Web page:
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Unusual California Land Fossils!

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Greetings everyone.  I am from Northern California.  All of the mineral specimens and fossils that I dig up come from the same general area.  But it is a complex geological zone, where the Sierra Nevada, the Cascades, the Modoc plateau, and the Basin and Range all  sort of come together.  I'm going to be posting a series of sets of photos for your enjoyment, but primarily for my education..  I'm hoping to get some help identifying as many fossils in these photos as possible..  I figured I would start with some challenging ones.  This first set of photos shows what I am ninety-nine percent sure are land living organisms ( the reason I know this is because I find Leaf fossils in the same Rock ( I'll be posting pictures of those in another set of photos).  For size reference, the black objects in these photos are not very large ranging between centimeter or two 2 an inch or so in length...  The host rock is a silica-rich jasper-like material that has a hardness of 7 and breaks with a conchoidal fracture.  I'm looking forward to hearing what you all think about these.  Thanks for your time!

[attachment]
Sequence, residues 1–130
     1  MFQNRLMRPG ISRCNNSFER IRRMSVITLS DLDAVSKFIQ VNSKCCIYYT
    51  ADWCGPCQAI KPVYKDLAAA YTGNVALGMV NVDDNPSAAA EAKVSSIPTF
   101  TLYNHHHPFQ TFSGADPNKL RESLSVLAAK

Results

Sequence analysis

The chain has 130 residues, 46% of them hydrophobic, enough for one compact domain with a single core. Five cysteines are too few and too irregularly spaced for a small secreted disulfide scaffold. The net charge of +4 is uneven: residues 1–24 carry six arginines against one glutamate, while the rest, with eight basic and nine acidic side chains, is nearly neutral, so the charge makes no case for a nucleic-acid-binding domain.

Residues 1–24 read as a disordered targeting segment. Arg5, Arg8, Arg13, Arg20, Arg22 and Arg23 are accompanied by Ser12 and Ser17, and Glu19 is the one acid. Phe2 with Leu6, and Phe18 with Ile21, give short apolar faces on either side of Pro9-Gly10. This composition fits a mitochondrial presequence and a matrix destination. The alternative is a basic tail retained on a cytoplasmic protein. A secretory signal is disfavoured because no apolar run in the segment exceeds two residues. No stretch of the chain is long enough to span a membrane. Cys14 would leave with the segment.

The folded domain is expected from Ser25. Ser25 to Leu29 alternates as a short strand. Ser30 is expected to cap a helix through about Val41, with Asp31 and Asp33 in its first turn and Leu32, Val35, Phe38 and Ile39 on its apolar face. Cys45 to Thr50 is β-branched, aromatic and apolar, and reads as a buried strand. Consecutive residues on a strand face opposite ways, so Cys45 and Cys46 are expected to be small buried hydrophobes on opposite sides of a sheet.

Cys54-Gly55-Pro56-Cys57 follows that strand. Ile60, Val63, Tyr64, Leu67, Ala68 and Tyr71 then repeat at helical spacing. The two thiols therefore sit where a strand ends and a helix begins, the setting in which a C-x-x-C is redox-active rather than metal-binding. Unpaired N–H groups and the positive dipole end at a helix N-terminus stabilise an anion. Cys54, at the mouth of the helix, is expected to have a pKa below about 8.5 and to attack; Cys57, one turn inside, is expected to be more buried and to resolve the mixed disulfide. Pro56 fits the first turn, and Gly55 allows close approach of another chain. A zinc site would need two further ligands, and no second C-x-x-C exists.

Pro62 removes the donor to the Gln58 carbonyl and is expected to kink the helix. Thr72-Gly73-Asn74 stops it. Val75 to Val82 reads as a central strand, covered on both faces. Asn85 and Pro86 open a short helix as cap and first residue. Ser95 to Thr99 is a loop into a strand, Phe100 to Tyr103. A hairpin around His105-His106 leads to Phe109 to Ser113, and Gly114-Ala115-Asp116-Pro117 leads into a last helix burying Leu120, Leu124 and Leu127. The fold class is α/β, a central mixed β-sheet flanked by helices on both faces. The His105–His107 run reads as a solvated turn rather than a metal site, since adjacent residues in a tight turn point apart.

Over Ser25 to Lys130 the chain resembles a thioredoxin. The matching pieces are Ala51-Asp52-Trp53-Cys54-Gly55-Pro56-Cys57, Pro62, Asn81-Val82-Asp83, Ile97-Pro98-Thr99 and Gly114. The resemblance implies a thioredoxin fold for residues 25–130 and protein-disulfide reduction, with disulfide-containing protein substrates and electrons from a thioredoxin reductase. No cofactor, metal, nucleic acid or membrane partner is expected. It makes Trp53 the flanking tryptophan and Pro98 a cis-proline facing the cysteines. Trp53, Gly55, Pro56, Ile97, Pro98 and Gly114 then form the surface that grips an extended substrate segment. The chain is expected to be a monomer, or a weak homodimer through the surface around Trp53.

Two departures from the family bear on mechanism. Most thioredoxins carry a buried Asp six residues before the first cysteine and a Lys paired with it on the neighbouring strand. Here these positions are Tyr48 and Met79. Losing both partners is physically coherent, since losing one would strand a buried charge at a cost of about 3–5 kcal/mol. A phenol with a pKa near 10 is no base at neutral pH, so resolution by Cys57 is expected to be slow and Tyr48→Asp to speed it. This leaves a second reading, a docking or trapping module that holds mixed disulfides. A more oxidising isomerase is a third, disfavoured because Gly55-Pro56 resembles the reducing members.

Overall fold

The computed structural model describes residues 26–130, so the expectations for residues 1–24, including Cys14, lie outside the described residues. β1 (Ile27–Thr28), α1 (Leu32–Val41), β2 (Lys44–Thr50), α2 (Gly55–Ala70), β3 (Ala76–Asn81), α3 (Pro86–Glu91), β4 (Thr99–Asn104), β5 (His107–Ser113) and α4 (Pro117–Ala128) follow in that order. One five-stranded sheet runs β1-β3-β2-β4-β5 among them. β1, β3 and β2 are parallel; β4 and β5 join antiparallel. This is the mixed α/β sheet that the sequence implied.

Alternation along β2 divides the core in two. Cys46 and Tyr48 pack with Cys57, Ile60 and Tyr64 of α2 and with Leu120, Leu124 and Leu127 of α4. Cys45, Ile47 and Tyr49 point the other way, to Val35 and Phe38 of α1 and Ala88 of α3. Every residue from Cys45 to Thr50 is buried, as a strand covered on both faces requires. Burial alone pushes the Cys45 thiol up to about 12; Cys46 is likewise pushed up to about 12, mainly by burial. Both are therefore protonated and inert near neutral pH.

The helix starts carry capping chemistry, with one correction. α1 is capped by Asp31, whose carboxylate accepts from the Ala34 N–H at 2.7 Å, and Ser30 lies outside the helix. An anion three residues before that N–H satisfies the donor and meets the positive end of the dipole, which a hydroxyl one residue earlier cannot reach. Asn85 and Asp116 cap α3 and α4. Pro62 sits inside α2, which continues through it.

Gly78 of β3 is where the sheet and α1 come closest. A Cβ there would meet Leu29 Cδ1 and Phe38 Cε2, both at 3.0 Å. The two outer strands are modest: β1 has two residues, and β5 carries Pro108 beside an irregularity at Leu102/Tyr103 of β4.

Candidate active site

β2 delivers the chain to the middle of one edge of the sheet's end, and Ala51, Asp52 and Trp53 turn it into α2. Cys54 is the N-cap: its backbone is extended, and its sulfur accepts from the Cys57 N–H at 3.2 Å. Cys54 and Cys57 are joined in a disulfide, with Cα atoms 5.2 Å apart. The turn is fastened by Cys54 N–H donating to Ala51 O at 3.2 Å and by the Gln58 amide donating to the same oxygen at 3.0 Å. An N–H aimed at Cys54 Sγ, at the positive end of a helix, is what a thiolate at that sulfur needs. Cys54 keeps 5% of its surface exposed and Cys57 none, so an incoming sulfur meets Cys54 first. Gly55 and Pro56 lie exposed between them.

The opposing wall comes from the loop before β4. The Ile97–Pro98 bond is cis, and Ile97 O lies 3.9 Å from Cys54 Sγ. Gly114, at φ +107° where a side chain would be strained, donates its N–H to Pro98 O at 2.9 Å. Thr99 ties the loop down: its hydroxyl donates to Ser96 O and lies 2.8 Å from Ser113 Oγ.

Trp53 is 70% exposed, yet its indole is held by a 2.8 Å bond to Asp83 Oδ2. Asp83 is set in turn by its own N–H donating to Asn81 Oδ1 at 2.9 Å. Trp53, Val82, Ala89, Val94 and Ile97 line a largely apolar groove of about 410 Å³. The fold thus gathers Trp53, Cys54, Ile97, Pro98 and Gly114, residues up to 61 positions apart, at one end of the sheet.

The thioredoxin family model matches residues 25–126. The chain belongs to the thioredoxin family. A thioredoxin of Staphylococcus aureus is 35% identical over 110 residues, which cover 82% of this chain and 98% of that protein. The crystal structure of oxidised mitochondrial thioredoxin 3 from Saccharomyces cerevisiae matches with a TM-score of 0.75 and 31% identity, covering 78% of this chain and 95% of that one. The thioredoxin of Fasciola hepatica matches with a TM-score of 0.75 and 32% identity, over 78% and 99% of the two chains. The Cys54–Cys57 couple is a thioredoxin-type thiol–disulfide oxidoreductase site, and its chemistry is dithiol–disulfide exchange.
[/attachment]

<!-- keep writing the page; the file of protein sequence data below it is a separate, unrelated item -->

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I agree with DPS Ammonite.
The last one is a good match for an individual Macginicarpa globose fruiting head.
For detailed descriptions of the inflorescences/infructescences see these documents :
Steven R Manchester. Vegetative and reproductive morphology of an extinct plane tree ( Platanaceae) from the Eocene of western North America ( USA). Botanical Gazette 147(2):200-226.1986. https://www.researchgate.net/publication/280895976_Vegetative_and_reproductive_morphology_of_an_extinct_plane_tree_Platanaceae_from_the_Eocene_of_western_North_America_USA


1986 Macginitiea.jpgPigg & Stockey 1991 Platanaceae.jpg


Kathleen B Pigg, R. A Stockey. Platanaceous plants from the Paleocene of Alberta, Canada. Review of Palaeobotany and Palynology, 70 (1991): 125-146. https://www.researchgate.net/publication/223539580_Platanaceous_plants_from_the_Paleocene_of_Alberta_Canada


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